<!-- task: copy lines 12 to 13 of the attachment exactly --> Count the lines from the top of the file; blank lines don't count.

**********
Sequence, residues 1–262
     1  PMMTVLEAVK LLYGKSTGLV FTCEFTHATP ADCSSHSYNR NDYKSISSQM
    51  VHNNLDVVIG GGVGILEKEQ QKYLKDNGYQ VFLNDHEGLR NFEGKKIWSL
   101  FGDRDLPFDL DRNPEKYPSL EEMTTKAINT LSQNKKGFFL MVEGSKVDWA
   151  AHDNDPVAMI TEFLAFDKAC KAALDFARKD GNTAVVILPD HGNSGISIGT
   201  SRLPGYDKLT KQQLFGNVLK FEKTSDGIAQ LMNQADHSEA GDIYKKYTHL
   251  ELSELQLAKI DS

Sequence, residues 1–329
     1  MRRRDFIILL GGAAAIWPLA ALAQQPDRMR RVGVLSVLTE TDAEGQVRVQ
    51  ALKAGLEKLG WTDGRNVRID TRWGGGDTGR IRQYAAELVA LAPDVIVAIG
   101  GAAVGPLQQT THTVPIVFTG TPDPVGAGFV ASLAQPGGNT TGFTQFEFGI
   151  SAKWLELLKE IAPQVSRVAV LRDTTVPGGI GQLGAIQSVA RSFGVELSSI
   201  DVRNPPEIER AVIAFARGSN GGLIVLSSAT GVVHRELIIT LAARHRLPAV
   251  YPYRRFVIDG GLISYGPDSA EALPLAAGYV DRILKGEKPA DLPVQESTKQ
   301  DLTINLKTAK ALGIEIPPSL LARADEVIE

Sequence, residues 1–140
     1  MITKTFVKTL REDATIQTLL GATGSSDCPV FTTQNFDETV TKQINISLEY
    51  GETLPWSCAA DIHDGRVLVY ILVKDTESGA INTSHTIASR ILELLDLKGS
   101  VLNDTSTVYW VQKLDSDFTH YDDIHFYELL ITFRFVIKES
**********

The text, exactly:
   151  SAKWLELLKE IAPQVSRVAV LRDTTVPGGI GQLGAIQSVA RSFGVELSSI
   201  DVRNPPEIER AVIAFARGSN GGLIVLSSAT GVVHRELIIT LAARHRLPAV